poetry critical

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james dean at dusk

with you i am space;
a cathedral dancing
your hand is a pilot
landing sonnets in my hair
& we become
within the loud corners
of my heart
i help the music
pick a song for you
& we move
two belly flops
finding our feet
i find your coat
& walk inside
gather wood
for your shoulders
you yank the sky
& wrap the moon
around my neck
clocks can't hear us
walls weaken
there's a mountain on my knee
old with quake;
i slide into your bath
& we become

17 Mar 15

Rated 9.3 (8.7) by 3 users.
Active (3): 8, 10, 10
Inactive (6): 1, 5, 8, 10, 10, 10

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very tight writing. i wonder if at the end of 10 a colon: wouldn't let you drop the & and move directly into the dance

... a song for you:

we move

cause the you and move do step together as one.
 — cadmium

oh, mandee, very nice... i'm so happy to see this from you... it's got style and content and meaning.
 — cadmium

this though pleases me, its like what i want to do sometimes, but i havent the focus- well, more the restraint to lock the images together and let them twirl. nice with the spacing. cool with clarity and even (gulp) economy.
 — DeformedLion

You don't really need all the ampersands.  Every single line where you have them works very well without them.  They don't add a thing to your meaning.  Love song, love poem, observations about a good thing going.  
 — Isabelle5

the ampersands are charming, mandee, and express graphically as elan. poets have been using these as you're using them since the 1920's without being having their books burnt.
 — cadmium

he thinks you're charming.
grooming mode.
 — unknown

unk, i think poetry can charming.
 — cadmium

NOT feelin' the ampersands.  May just be ME, but when I'm writing, I tend 2 prefer more 2 spell out the conjunction, "and."  I think in these days so slang overkill and Hip Hop-infused, common vernacular that we are losing more and more of our "language" these days and it's sad.  The only reason I substitute "to" and "for" with "2" and "4" is just 2 save time, where I'm at work and I don't have MUCH time.  That's all.   Mind u, I'm not scolding, but merely expressing a personal need for the conservation of our "words" and the wondrous things that come along WITH them.  The poem seems like a collection of disconnections 2 me, but that could be simply because I'm not up on the James Dean tip and am therefore missing the point/message behind it.  :-)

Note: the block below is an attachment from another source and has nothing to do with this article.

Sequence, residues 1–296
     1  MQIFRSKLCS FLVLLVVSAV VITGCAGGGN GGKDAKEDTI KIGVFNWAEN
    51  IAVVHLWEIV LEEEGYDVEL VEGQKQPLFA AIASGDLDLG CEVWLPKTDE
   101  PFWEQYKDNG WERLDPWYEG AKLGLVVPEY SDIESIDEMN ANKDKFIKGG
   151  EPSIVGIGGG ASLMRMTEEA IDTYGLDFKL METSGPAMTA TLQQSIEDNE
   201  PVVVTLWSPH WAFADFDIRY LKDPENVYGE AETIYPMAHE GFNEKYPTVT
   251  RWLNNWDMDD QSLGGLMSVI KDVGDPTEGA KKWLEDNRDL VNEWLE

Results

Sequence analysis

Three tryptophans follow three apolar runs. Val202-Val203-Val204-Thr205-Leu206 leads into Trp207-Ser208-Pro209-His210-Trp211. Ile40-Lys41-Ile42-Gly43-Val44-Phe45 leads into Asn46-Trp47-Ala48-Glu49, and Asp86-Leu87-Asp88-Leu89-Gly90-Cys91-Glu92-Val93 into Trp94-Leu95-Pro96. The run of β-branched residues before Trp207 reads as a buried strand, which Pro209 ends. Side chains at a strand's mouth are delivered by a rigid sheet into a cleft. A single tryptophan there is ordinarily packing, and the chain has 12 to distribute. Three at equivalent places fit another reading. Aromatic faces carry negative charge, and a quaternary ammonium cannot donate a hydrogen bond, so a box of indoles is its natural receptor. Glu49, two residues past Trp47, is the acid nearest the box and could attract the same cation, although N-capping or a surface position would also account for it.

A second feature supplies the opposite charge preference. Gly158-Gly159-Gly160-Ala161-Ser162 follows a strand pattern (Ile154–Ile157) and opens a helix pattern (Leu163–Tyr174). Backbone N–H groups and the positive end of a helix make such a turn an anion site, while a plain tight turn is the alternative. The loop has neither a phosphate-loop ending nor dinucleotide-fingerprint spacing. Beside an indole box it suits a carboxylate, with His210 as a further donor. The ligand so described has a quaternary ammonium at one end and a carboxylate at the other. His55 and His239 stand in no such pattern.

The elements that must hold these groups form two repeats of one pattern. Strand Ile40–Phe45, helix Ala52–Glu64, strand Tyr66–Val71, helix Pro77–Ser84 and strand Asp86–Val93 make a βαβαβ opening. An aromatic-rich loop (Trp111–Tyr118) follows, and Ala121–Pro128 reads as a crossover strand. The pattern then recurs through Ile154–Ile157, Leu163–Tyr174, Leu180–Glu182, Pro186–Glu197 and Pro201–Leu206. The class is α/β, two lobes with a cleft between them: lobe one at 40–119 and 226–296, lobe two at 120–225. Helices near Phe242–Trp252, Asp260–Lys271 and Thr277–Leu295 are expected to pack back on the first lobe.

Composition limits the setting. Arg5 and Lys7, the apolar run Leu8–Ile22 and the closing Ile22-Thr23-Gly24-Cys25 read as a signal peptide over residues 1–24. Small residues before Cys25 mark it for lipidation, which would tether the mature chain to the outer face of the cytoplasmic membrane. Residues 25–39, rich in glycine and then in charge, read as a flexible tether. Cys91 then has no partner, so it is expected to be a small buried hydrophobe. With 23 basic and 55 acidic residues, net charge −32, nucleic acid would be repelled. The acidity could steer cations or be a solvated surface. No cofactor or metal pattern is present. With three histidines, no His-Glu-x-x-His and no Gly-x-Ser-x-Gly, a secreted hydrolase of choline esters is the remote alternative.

— starr

  I think in these days so slang overkill and Hip Hop-infused, common vernacular

^  Oops!  Toldya I was at work goin' nuts!  LOL!  What I mean is:  v

I think in these days, with so much slang and Hip Hop-infused overkill,
that common vernacular is lost and suffers.  U get the idea hopefully.  :-)
 — starr

title is a personal thing...
for the person i wrote it for

it's a strange breeze, but i enjoyed writing it/riding it.

thanks, isabelle, cad, deformed and starr
 — mandolyn

ampersands are perfectly acceptable do not detract and opinion otherwise is completely subjective similar to choice of punctuation or lack there of along with captilization and arbitrary spacing of lines whereas many might have preference in certain instances it serves little bearing when compared to what you presented earlier this is certainly more polished but the title like many others of yours carries that same garland-like feeling and it may be worthwhile to consider dropping some of the clever-quirk crutches you appear to be keen of only so many reversals out of order turn on its head areangements that one can use before it becomes commonplace or more predictable than original or of intrigue it begins to just sit out on the novelty shelf and rather then standing against challenge it finds itself kicked into the no knack everything drawer where all things go to die
 — OldShoe

we become we being the most interesting exploration
 — OldShoe